Posted by: Rural County Prosecutor | May 1, 2007 11:24:39 AM

RCP,

First of all, calling people in rural counties “stupid” and “poor” is a pretty normal practice. In fact, lawyers (including prosecutors) do it on a regular basis. It might not be politically correct, but people seem to judge others on the extent of their education and wealth. Heck, lawyers judge each other based on what school they went to. And., believe me, there are lawyers who use far worse terms to refer to graduates of schools ranked by US News even slightly below them. So, while I admire your “service” to the citizens, we need to be honest in admitting that a prejudice exists against people that lack in education. (Some would dispute whether prosecutors are really “Serving” the people, but I am going to put that aside.) Is this humor? Partly.

Secondly, since rural people tend to lack education they generally, in fact, do have attributes that society does not value as much as their urban brethren. And, since most sentencing schemes “reward” conformity with certain societal values it is a fair bet that rural people, lacking those attributes (such as education, a record of charitable contributions, etc.) would be punished more severely at sentencing.

In some places (I don’t know if Ohio is one), people sentenced to shorter periods in jail do their time at “county” (or a similar name) which is paid for by the locality, and people sentenced to longer periods do their time at “state” which isn’t paid for by the county.

“Discretion” generally has multiple “permissible” outcomes, but if one views the law as a system of directives, then there is only one set of such directives. (This is a pretty deep area of jurisprudence, and probably goes beyond the scope of this blog.) However, the exercise of “discretion” itself by a fact-finder doesn’t, itself establish “law” (by most accounts), instead whatever mechanisms are available to enforce the ultimate ruling based on that discretion would.

Posted by: S.cotus | May 1, 2007 1:39:47 PM

Gratiano, er S.cotus, once again you run the risk of getting whipped by a mere transactional lawyer, although one at a top firm, the fact is, and I suspect you know this, is that the "law" is not a mathematical function (i.e., one output for one input) with respect to sentences. Thus, since there is a range of sentences, some counties within a particular state are likely to be more lenient with respect to a crime than others (and yes, the ability to pass along costs to the state may influence some decisions).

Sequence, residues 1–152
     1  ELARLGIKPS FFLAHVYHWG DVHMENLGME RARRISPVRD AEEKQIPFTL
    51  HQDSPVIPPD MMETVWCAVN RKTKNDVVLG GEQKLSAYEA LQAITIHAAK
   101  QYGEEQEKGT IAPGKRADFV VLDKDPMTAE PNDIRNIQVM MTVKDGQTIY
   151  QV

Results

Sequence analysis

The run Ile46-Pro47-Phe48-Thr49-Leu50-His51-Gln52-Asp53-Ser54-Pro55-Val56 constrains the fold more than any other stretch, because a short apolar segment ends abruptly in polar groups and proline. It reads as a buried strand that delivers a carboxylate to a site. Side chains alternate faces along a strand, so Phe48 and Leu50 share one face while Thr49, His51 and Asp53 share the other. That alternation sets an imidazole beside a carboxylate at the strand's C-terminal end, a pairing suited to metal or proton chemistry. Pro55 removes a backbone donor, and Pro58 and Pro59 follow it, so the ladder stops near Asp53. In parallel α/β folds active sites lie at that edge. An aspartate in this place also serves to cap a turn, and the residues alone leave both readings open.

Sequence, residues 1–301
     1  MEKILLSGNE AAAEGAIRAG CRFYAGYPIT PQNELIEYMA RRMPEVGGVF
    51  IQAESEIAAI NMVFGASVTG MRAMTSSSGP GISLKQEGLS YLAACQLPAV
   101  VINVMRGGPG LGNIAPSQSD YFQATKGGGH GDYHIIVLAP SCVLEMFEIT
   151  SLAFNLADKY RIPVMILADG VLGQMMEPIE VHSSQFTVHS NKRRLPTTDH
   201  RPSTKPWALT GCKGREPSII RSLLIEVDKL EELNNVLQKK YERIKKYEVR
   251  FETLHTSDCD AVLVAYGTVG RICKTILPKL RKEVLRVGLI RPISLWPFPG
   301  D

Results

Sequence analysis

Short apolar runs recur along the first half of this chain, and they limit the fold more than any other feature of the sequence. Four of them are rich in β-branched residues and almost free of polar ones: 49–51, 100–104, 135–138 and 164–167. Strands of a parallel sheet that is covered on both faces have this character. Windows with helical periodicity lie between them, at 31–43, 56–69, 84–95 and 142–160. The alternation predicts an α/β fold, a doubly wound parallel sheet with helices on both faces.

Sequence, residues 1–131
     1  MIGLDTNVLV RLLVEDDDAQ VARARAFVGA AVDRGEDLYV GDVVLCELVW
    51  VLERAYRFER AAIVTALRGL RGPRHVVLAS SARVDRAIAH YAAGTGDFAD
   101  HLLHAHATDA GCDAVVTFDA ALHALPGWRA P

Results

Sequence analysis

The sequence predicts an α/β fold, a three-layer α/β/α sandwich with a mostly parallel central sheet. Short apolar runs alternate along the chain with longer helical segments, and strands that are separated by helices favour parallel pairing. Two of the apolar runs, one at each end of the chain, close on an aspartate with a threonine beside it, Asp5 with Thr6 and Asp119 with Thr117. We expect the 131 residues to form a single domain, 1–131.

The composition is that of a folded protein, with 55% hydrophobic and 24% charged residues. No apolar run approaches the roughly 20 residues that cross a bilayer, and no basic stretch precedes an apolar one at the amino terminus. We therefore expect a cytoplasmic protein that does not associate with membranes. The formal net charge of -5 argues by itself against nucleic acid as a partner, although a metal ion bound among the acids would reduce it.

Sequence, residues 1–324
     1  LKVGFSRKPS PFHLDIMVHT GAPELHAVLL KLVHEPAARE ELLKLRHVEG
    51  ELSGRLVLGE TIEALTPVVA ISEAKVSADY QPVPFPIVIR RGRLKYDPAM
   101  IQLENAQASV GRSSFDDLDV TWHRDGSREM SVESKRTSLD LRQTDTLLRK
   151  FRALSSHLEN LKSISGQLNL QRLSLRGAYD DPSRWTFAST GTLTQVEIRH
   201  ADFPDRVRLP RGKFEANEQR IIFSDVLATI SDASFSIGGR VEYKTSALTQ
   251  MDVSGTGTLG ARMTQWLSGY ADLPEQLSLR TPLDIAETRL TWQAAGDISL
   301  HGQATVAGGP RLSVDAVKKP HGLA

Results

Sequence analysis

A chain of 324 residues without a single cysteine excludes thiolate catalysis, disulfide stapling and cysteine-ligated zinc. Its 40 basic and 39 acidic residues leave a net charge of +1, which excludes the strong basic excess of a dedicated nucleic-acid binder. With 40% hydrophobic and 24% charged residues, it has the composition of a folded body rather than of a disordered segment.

You may not agree with that--but geographic disparity goes hand in hand with judicial discretion in sentencing, as the exercise of discretion to be harsher than the norm may be concentrated in certain counties.

As for your urban/rural distinction--a mite simplistic, no, since urban areas tend to have many more social strata . . . . . .

So tell me again S.cotus, how is it that the US would have to withdraw from GC if it were to implement battlefield tribunals with respect to determination of protected status or not? Where's your citation for that one?

Posted by: federalist | May 1, 2007 2:13:19 PM

Gratiano, er S.cotus, once again you run the risk of getting whipped by a mere transactional lawyer, although one at a top firm, the fact is, and I suspect you know this, is that the "law" is not a mathematical function (i.e., one output for one input) with respect to sentences. Thus, since there is a range of sentences, some counties within a particular state are likely to be more lenient with respect to a crime than others (and yes, the ability to pass along costs to the state may influence some decisions).

You may not agree with that--but geographic disparity goes hand in hand with judicial discretion in sentencing, as the exercise of discretion to be harsher than the norm may be concentrated in certain counties.

As for your urban/rural distinction--a mite simplistic, no, since urban areas tend to have many more social strata . . . . . .

So tell me again S.cotus, how is it that the US would have to withdraw from GC if it were to implement battlefield tribunals with respect to determination of protected status or not? Where's your citation for that one?

Posted by: federalist | May 1, 2007 2:13:34 PM

Federalist,

First, declaring yourself to “win” doesn’t make your argument better. Perhaps if someone were to analyze two arguments on whatever constitutes a neutral basis and decide which one was better, a “winner” might be declared.

Also, because you lack knowledge of rather basic terms of art, I doubt that you are any kind of lawyer. You probably would have realized the analytic jurisprudential dispute about whether a “sentence” is the “law” or rather the enforceability of such sentence is the law, but rather some sort of “finding” of fact. This dispute is quite live, and is somewhat fascinating to me, because each Supreme Court justice seems to have different ideas about where the lines between these things lie.